We noticed this too, Normally two of us from Bristol to Plymouth is about £79 with me having the railcard. But recently the price was about £140. We decided to travel by car and use the Park & Ride instead. Worked out about £17 each, £34 in total including the bus fare.
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bobm
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« Reply #8 on: September 11, 2020, 03:20:57 pm »

Whether it will provide any cheaper tickets I don't know, but GWR have bookings open until 4th December for Monday to Friday services, 21st November for Saturdays and 15th November for Sundays.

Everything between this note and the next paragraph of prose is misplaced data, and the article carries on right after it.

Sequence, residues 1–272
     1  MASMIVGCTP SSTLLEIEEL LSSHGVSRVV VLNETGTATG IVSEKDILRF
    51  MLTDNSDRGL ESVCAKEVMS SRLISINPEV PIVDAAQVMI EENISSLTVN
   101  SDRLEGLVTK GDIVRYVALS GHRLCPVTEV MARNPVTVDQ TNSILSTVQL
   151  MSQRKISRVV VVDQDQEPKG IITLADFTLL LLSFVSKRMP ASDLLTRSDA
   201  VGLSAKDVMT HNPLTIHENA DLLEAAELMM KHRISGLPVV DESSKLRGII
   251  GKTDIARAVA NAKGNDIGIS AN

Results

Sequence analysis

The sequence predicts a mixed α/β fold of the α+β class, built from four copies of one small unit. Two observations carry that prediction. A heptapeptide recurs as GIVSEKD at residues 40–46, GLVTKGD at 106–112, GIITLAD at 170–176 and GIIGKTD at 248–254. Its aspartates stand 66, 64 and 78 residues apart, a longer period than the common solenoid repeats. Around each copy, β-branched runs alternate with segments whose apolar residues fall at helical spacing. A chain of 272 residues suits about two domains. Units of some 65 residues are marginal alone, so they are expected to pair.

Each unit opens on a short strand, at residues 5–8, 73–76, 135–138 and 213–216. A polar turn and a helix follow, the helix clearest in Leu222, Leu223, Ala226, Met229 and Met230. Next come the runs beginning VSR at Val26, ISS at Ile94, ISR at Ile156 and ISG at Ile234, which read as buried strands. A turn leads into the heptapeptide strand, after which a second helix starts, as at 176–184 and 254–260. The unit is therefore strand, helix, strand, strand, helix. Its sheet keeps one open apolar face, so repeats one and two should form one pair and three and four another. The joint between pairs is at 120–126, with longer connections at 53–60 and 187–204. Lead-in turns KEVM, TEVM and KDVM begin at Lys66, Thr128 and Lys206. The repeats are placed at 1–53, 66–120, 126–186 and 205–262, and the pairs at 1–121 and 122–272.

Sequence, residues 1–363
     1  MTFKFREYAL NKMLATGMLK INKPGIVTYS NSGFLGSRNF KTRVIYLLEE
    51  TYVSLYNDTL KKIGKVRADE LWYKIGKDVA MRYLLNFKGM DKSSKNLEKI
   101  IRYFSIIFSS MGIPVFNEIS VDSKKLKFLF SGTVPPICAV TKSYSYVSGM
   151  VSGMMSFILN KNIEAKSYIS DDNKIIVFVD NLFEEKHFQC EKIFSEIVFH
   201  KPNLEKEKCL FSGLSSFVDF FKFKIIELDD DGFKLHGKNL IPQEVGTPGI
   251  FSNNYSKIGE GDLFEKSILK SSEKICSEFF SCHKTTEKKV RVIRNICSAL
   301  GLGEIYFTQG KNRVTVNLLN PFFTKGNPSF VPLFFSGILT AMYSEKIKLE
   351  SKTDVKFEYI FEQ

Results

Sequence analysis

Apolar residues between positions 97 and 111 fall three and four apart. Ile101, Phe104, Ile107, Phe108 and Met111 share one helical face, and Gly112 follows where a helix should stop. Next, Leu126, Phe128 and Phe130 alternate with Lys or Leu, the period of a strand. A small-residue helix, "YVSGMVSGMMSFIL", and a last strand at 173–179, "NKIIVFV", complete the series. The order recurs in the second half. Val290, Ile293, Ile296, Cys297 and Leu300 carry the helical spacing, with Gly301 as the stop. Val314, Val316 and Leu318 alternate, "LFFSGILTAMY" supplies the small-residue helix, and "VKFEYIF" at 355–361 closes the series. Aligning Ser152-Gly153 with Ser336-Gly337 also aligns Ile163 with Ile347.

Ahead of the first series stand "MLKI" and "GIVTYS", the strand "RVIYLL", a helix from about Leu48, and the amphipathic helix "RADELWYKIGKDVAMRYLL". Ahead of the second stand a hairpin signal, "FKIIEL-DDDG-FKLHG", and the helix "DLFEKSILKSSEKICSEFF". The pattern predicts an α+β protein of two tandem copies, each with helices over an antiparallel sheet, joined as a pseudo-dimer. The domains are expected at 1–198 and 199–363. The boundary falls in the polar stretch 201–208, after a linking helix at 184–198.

That is further ahead than has been possible for a while.
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southwest
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« Reply #9 on: September 11, 2020, 07:47:48 pm »

Whether it will provide any cheaper tickets I don't know, but GWR have bookings open until 4th December for Monday to Friday services, 21st November for Saturdays and 15th November for Sundays.

That is further ahead than has been possible for a while.

I don't get why train companies can't follow airlines and let you book long term advanced, for example from now all the way until the next timetable change in March.
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johnneyw
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« Reply #10 on: September 11, 2020, 07:52:13 pm »